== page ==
On Tuesday night, Donald Trump committed a huge no-no. This was nothing trivial like empowering white hate groups or waging public and legal vendettas against his enemies—he’s been doing those things all along. For the first time since winning the presidency last week, he sneaked away from the pool of reporters tasked with knowing his whereabouts all day every day to dine at a fancy Manhattan steak house.

This may sound like a minor infraction, but it is actually a matter of incredible importance, as many journalists have explained in the hours since.

Trump had traduced yet another vital norm, except instead of simply noting an objection to the violation, and assuming the importance of the broken protocol, reporters have been at pains to defend it. Pool duty isn’t the most glamorous assignment, but it is some of the most vital work political reporters do, because when someone is vested the power of the presidency, history is always at his fingertips. The public has a right to know what the president of the United States is doing, but so does history. As Yahoo! News chief Washington correspondent Olivier Knox explained Wednesday, “it’s designed to tell Americans, and the world, about the president’s whereabouts and well-being in the event of a crisis, and how the president is responding. At its grimmest, it’s sometimes called a ‘body watch,’ the bleak legacy of the assassination of JFK and the attempted murder of Ronald Reagan.”

The protective pool doesn’t dine with the president, but posts nearby, usually out of sight, in case anything from a terrorist attack to an untimely heart attack happens when the president and his staff are away from official outposts where the full press corps can assemble. Pool reporters don’t do this for access—usually little access is provided. They do it so that documenting the presidency doesn’t fall exclusively to interested parties who work for the president’s administration. They do it so that news reporters don’t have to tell the world that nobody knows where the president is.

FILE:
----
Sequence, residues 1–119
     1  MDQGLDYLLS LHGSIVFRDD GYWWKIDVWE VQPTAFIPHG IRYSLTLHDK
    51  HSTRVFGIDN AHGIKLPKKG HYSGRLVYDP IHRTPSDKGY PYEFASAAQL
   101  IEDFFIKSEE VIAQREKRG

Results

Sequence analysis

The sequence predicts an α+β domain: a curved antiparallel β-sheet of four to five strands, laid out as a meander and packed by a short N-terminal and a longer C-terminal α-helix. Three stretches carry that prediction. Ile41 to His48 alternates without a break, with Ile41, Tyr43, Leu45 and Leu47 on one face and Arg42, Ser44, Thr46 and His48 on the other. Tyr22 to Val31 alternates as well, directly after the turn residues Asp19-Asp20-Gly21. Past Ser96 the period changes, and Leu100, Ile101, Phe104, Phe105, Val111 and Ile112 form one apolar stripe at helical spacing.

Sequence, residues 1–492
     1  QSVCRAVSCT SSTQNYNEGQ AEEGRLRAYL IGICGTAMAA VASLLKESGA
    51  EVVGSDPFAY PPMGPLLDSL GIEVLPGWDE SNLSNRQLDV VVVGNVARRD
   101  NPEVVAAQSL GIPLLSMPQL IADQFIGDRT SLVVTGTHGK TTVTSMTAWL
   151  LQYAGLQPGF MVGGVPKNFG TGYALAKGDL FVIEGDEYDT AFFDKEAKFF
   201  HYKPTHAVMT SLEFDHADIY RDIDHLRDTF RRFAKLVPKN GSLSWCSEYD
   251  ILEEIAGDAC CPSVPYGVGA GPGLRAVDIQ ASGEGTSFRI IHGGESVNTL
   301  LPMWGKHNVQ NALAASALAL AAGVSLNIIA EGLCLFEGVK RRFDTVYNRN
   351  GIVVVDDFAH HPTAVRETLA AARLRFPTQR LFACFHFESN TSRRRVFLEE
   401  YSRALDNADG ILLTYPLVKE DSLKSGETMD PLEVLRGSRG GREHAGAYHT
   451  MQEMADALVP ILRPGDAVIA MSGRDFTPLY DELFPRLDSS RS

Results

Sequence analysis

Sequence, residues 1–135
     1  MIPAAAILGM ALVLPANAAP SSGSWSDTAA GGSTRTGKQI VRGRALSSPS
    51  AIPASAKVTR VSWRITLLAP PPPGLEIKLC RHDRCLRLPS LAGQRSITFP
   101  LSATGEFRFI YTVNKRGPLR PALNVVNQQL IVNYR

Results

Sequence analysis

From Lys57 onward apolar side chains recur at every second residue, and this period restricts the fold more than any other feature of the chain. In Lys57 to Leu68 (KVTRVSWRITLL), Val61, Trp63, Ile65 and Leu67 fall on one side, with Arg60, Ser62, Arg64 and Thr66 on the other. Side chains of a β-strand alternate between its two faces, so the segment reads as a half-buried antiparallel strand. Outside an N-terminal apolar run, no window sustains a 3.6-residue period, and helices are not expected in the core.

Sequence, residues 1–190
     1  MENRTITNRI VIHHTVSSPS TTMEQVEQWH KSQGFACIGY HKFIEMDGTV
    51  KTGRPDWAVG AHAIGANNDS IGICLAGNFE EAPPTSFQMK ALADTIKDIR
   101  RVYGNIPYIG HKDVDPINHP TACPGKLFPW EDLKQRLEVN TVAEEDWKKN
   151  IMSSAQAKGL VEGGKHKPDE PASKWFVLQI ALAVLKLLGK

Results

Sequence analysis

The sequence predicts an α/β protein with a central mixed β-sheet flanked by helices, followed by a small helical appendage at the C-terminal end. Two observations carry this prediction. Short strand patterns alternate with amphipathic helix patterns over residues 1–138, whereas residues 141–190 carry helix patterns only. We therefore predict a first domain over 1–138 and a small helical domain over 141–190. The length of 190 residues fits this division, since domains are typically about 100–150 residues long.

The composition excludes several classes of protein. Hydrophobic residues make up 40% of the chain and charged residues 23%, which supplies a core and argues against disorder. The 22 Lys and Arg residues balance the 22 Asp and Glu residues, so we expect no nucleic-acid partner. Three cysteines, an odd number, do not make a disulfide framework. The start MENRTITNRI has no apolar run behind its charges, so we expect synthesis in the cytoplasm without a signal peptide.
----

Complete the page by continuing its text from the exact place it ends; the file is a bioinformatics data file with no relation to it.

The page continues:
The defense of the protective pool norm has been deployed passionately, and righteously, but on that score it is the exception that proves the rule. Trump shatters norms on a nearly daily basis, but typically his recklessness is noted, objected to, and then largely forgotten. Reestablishing these broken norms will require the establishment of a new one: a free press that internalizes its role as a defender of values beyond the free press itself.


When Trump announced that white nationalist publisher Steve Bannon would be his chief strategist next year, the political media wasn’t entirely sure how to process it. Early reports depicted Bannon, the executive chairman of the racist agitprop website Breitbart, not as a hero figure to white supremacists and neo-Nazis but as a “combative” strategist or a “conservative firebrand.”

This was predictable enough. After all, when Trump named Bannon his campaign chair in August, campaign reporters depicted his ethnonationalist views and his effort to create a clearinghouse for news about “black crime” in similar terms.

Suddenly, though, Bannon isn’t merely guiding a dark horse campaign; he has arrived at the doorstep of global power, inviting an intense backlash against reporters and politicians who ignore his racist roots, or shrug them off with euphemisms. Those alarmed by Bannon’s rise to power pleaded with the press not to “normalize” him.